As we reach the final weeks of 2011 and begin to look back at the year that was, by any standards, its been a wild, wacky year. Robert Young, Chief Economist with the American Farm Bureau Federation
Young: You think about the flooding situation that we started out with on the Mississippi, then on the Missouri, hurricane up the east coast, drought in Texas, so yeah, it’s been a wild and wacky year, if you will.
SFN: we’ve kind of gotten accustomed over the years of the general economy and the farm economy not necessarily running parallel. And, I think right now we’re kind of grateful that they’re not.
Young: Well, we are, you know the ag economy at this point in time isn’t in bad shape at all, certainly those farmers in those areas we’ve already talked about have had their challenge, and not to say that individual producers aren’t facing their own individual challenges, but the sector as a whole isn’t doing too bad at all. You know, we’re going to have record farm income this year, and with the income in 2012 being up there, maybe not a record, but staying reasonably strong, as well.”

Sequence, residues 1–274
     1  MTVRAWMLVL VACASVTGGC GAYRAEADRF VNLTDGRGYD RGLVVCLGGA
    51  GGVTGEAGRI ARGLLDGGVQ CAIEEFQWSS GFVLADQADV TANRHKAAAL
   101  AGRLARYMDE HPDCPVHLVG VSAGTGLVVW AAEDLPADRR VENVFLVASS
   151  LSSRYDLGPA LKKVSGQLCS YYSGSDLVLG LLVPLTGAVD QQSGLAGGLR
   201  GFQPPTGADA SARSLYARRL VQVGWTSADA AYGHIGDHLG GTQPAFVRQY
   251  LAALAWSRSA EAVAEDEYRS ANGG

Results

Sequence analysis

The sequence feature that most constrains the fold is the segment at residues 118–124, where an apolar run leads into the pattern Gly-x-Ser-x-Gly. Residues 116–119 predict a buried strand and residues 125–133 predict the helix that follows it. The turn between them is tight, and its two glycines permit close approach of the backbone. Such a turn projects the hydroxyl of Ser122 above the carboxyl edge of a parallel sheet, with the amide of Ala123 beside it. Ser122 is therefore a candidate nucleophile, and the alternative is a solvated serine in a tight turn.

SFN: What are you attributing those record numbers to?
Young: Well, you know we’ve just got very strong demand for product, we also came into the year with very tight supplies of corn and beans, maybe not quite so much wheat side, and we’re going to go into 2012 with very tight supplies of corn and beans and maybe not quite so much corn side. And cotton side also not too bad. You know, I just thing very strong demand for product as well, both here at home as well as overseas, and that’s not just for grain and oilseeds but for animal proteins as well.”
SFN: And speaking of animal proteins, something I think we’re going to see a big shift in in the next 6 to 12 months is cattle:
Young: We are. And I think we’re going to see noticeably higher cattle prices and beef prices in the grocery store as well. You know, you can’t just pull the herd back as far as we’ve pulled it back, and then when you decide when you want to get to an expansion place again, those cows only come from one place, you know, and so we’re going to have to hold those animals back and not send them through to be slaughtered, when you do that, again, it just tightens up the beef supplies that much more.”